i think you should all meet Kate. For the month of February she is going to be doing all of “This is not a book” via her blog/vlog. I think she is really great and talented and funny (and she should have her own show). well, I guess she already does. You have to see the first video in which explains what she is doing and why.
p.s. my publisher thinks you are great too.
p.p.s. let’s cheer her on, shall we?
I’m not sure who likes it better, me or my two year old son. (German I think? I can’t decipher the brand name.) Our neighbor/friend gave it to us, a childhood toy of her son’s (who is now in his thirties). A quick search revealed they still make this thing, along with new versions of it and you can buy it on amazon. We really can’t get enough. This variation is referred to as “the super crane”, made by my talented husband. It can be pushed, pulled, raised, and reconfigured as needed. Now if only we had more parts. I’m thinking of buying another set to give us more configuring abilities. Just imaging a whole house of this stuff. You could use it to make your own furniture, create new inventions, affix pulley systems, reinvent household tasks.
ANYTHING IS POSSIBLE.
the korean version of “How to be an Explorer of the World”! Now in several languages. whooohooooo!
I think it’s beautiful and so antiquated. Can you imagine a world where everything was done in such a physical way? It reminds me of one of my favorite books, “All the names” by Saramago, in which the main character is a clerk for the Central Registry of births, marriages and deaths. He is endlessly filing cards in a building that is so big you have to hold onto a string every time you enter the stacks so you can find your way back. Reportedly another clerk was lost in there never to be seen again.*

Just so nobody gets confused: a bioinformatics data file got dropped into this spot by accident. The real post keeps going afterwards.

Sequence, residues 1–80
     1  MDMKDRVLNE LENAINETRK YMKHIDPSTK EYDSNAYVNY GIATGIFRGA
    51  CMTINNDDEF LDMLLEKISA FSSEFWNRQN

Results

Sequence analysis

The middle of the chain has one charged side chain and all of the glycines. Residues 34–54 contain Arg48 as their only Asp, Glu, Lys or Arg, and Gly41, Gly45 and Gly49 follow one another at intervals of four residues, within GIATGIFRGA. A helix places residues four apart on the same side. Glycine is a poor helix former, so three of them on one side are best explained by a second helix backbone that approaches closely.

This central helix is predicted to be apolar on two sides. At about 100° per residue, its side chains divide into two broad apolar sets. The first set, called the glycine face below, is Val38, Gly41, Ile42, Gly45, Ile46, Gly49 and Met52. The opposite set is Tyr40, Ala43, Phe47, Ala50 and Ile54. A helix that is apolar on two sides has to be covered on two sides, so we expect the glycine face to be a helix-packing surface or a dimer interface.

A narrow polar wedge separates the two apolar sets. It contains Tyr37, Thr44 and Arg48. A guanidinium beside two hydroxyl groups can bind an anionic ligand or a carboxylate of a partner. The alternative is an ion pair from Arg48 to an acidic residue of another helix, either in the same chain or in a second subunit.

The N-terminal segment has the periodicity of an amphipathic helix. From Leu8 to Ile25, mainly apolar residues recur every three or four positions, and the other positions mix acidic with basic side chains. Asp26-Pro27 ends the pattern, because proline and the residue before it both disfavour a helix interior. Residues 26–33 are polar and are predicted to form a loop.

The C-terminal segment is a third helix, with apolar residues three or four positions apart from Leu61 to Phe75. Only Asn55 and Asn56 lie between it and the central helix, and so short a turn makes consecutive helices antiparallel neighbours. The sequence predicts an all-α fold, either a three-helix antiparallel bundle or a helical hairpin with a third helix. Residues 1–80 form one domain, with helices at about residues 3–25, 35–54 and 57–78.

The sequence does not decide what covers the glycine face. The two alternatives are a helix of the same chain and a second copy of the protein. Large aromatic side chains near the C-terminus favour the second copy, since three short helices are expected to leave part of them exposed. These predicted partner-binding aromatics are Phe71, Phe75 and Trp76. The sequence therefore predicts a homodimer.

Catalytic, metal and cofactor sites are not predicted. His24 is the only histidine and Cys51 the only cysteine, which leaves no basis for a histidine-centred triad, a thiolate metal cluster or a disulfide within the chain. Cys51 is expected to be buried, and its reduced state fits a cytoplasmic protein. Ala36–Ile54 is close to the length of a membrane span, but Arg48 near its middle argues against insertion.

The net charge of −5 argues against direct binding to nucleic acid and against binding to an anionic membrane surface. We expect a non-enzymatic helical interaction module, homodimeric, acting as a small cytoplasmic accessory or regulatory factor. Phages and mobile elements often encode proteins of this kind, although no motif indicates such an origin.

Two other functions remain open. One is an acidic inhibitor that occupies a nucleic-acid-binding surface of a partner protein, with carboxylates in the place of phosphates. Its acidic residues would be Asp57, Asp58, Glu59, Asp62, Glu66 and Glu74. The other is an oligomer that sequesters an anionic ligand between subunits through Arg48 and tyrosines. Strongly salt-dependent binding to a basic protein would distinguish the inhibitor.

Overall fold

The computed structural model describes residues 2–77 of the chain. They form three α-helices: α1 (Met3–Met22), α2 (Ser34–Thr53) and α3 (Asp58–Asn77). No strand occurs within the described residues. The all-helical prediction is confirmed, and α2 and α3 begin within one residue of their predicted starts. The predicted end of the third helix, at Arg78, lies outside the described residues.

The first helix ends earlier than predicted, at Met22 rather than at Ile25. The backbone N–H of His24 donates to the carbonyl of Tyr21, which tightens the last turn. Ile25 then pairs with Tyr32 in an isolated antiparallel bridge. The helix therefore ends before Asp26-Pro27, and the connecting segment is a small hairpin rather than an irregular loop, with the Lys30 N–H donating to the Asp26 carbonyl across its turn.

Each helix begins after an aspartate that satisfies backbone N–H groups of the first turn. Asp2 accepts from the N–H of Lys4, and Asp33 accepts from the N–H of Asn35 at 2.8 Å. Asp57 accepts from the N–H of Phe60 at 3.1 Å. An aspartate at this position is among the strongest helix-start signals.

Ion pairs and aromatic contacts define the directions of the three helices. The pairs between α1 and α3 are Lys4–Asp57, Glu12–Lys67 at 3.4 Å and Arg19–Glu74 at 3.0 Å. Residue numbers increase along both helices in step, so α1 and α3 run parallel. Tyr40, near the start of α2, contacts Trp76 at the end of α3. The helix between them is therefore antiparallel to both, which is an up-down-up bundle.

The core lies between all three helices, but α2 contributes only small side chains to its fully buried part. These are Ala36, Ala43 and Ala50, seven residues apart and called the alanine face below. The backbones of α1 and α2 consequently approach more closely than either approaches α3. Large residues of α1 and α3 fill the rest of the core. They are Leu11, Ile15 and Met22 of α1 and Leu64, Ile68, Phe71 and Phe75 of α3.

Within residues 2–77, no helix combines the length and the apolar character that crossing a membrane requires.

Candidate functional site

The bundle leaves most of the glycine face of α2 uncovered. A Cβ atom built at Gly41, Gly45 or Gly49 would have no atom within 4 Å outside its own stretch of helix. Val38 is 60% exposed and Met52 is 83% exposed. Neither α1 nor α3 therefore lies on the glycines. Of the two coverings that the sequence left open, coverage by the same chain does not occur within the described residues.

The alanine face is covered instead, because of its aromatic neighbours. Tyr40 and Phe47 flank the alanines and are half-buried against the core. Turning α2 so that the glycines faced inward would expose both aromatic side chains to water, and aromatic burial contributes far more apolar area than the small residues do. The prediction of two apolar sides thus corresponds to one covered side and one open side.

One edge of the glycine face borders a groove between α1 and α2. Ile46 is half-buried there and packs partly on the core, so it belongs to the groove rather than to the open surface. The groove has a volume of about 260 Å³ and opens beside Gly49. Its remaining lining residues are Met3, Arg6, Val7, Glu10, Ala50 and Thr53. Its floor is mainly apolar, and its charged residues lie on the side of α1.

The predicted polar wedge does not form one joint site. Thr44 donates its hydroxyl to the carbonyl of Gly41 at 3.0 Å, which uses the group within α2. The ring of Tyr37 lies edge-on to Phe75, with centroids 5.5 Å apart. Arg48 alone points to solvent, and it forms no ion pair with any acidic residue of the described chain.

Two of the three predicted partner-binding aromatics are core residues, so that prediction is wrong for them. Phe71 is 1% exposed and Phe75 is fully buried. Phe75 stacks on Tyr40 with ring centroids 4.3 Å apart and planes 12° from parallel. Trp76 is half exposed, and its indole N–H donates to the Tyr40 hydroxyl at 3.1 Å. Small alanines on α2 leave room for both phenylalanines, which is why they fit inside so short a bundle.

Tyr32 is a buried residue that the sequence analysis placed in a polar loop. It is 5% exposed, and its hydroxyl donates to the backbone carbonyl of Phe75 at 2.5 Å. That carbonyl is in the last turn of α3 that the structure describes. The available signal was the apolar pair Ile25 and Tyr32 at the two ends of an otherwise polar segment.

*written while enjoying a cup of Lung Ching Dragonwell and an Ines Rosales torta from Seville, (one of my current vices). also with a beautiful package, wrapped individually in waxed paper. see remnants here:
“Complicate your garden so it’s surprising, like uncultivated land.” –John Cage
And with these, the sense of the world’s concreteness, irreducible, immediate, tangible, of something clear and closer to us: of the world, no longer as a journey having constantly to be remade, not as a race without end, a challenge having constantly to be met, not as the one pretext for a despairing acquisitiveness, nor as the illusion of a conquest, but as the rediscovery of a meaning the perceiving that the earth is a form of writing, a geography of which we had forgotten that we ourselves are the authors.
-Georges Perec (fr. the Species of Spaces and Other Pieces)
from “Wandering” by Hermann Hesse, translated by James Wright